I’ve never done anything really big in my life. I’ve had my moments but haven’t done anything momentous. Yes, I gave birth to two healthy, lovely boys. And yes, I’m doing my bit to raise them well. But family aside, I haven’t many notches in my belt. When I was young(er) I had visions of changing the world, making more than a dent, making a difference. In a big way.
What I’ve discovered is that I can indeed make a dent and still make a difference. This time I’ll change the world one cancer cell at a time. Yes, I’m going to cure cancer. Breast cancer. My friend Jen, who’s as smart and sassy as they come, has been battling stage 2 breast cancer. She’s younger than I am. She’s mom to Mac, who’s Deal’s age. She’s pig headed, foul-mouthed, irreverent, and preppy as hell. And, she can’t cook but she can mix a mean gin and tonic with just the right amount of lime. Jen was my neighbor and classmate in graduate school. She and I caused got into a good bit of trouble together. We trash talked statistics because it kicked both our fannies and we trusted each other’s mad editing and proofreading skills. If I ever get around to writing a book, it’s Jen I’ll go to to read the first draft of my manuscript. Underneath all that sass (that she prefers to call spunk) she is a load of mush. Jen’s heart is bigger than her boobs even were when she was pregnant. She won’t mind that I’m talking about her boobs on the internet and all because she’s cool like that. You’ll be hard pressed to find her without her pearls or donning Lilly Pulitzer. When Mac was born I sent a monogrammed cashmere sweater because I knew Jen would appreciate that kind of extravagance and understand that I don’t get to indulge in such fanciful purchases for my boys. Jen is the kind of girl whose laugh leaves you both gasping and grinning til your jaws ache. She sucks at telling jokes, yet she is damn funny in a delightfully self deprecating way. Jen never forgets my birthday and actually calls to wish me a Happy Birthday. Like, on the phone. She’s even been known to mail me a whole key lime pie from my favorite place in Key West.
I don’t see Jen often but I think about her always. For starters, I think about her every time I pass by the local Lilly shop. Chocolate syrup also makes me think of Jen. And coffee. The girl likes needs her java fix. When I see people doing something idiotic, like walking into a tanning salon or driving an Aztec, I think of how Jen and I would exchange a knowing look that meant our synapses were in synch.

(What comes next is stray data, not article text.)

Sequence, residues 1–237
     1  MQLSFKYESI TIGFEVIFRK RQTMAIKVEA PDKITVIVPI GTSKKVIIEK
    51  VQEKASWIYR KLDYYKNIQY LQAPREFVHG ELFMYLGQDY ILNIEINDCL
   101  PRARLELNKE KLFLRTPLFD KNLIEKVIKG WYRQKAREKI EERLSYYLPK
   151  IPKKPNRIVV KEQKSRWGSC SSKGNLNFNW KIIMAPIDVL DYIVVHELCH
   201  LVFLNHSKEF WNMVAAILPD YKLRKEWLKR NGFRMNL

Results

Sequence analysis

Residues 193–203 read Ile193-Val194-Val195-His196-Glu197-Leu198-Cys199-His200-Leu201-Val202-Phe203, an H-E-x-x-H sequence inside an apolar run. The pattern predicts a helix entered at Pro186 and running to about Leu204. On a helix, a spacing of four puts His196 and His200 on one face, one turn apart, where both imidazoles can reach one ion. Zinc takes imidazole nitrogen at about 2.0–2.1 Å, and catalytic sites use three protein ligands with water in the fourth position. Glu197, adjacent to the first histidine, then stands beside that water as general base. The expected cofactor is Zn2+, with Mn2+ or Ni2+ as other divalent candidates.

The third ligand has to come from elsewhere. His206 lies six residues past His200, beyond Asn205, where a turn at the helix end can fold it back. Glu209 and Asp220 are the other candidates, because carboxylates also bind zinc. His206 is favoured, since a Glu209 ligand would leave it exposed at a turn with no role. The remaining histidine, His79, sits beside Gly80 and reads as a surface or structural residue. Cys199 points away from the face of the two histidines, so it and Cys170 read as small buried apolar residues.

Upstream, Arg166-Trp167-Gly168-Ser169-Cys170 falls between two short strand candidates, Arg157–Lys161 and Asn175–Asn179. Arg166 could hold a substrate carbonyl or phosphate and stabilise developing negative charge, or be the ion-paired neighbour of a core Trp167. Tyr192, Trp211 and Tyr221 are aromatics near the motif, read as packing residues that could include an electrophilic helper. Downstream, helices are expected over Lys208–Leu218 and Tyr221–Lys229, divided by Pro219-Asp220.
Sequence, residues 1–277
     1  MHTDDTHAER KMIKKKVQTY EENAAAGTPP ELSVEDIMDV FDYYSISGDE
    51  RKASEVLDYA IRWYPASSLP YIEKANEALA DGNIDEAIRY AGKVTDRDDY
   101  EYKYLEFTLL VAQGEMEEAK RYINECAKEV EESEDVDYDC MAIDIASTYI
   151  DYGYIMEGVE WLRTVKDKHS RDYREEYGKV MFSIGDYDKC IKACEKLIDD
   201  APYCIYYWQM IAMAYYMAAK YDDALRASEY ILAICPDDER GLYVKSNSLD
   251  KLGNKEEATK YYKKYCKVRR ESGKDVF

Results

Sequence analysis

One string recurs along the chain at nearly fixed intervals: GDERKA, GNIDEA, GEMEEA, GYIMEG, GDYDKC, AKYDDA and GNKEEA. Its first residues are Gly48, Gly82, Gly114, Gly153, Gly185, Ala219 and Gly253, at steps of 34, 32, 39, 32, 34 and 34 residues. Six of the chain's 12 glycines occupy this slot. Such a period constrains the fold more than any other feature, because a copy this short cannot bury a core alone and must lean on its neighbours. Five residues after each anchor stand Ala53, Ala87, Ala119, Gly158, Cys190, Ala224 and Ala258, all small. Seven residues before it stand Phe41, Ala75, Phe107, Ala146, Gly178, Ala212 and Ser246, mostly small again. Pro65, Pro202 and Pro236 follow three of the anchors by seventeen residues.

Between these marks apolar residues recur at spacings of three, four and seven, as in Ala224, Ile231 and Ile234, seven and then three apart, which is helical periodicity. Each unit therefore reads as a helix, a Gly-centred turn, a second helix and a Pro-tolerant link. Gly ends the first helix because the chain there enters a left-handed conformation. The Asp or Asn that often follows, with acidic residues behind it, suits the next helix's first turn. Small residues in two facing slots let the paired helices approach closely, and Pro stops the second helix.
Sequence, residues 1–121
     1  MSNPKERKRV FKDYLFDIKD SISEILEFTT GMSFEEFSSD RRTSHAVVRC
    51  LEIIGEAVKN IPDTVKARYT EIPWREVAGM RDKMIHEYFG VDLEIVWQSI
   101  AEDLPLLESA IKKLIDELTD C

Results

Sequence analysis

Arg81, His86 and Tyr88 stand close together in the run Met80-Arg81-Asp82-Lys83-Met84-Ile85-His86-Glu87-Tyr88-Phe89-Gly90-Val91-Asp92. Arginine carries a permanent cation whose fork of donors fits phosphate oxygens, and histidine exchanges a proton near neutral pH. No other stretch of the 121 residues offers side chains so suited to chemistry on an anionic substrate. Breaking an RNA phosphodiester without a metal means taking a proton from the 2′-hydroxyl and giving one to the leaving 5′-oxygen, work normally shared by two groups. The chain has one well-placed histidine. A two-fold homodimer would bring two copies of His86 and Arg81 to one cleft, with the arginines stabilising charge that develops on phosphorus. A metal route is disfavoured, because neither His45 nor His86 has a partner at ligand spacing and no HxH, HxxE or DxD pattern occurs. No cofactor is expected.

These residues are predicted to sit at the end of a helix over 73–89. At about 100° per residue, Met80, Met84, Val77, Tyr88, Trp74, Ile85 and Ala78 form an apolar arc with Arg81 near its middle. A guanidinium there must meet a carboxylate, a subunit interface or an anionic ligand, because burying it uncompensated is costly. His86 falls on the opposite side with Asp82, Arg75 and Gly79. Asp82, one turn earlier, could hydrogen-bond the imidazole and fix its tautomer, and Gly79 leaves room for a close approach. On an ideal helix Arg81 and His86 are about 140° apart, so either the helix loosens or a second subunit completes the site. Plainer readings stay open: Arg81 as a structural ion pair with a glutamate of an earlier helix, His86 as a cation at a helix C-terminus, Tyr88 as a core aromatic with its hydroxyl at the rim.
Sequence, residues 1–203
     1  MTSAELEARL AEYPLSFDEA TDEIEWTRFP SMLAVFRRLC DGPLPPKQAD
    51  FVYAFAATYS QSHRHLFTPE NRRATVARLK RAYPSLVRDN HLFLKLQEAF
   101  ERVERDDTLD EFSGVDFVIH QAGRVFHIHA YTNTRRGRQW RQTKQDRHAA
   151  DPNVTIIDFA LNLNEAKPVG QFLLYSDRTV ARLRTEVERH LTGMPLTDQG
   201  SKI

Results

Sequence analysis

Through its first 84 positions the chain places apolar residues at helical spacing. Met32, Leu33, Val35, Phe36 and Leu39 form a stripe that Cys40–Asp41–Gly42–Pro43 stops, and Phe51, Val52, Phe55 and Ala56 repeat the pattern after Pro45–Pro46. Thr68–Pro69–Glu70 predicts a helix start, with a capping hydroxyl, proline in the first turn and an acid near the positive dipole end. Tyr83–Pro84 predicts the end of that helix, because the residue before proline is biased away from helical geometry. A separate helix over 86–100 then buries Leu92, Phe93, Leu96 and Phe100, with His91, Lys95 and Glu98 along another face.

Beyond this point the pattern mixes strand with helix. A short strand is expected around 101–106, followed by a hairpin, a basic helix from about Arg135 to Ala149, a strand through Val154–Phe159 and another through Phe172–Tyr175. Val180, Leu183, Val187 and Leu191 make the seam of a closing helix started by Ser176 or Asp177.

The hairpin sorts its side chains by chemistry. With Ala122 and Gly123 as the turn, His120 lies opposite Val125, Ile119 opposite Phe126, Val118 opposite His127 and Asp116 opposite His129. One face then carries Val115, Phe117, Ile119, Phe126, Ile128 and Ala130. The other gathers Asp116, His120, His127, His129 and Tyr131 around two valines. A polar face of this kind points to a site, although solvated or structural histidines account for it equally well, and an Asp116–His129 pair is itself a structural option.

I don’t know how I can help Jen but I do know I must try. I’ve done the Race for the Cure several times. But it’s not enough. I’ve just signed up to walk 39 miles in the Avon Walk for Breast Cancer. 39 miles in two days. My numero uno fan Christy enouraged me. She’s revived team Stop the War in My Rack. My friend Lyndi just completed her walk over the weekend. While I might be whining and boohooing about my feet and blisters and knees, it’s nothing compared to Jen’s aches and pains. All those women (and men!) battling breast cancer model the grace and aplomb I strive for. The least I can do is quit my bitching, even if that means I bring along Bird’s skateboard and Lark’s leash so my teammates can drag me along. My joints might ache, but my boobs will be just fine. And that’s what I hope for Jen too.
So please, I’m asking for a little support here. If my readers and Twitter followers and Facebook friends and IRL friends just donated two bucks each, your series of little dents would make a big difference.
I have to raise $1800.00. Cough cough. The money raised is managed and disbursed by the Avon Foundation, a 501(c)(3) public charity with a mission to fund access to care and finding a cure for breast cancer. The Avon Foundation funds both local and national organizations in five key areas: medical research; education and early detection programs; clinical care; and support services, all with a focus on the medically underserved.
Support my walk. Support my friend. Support the girls. Now go schedule your mammogram.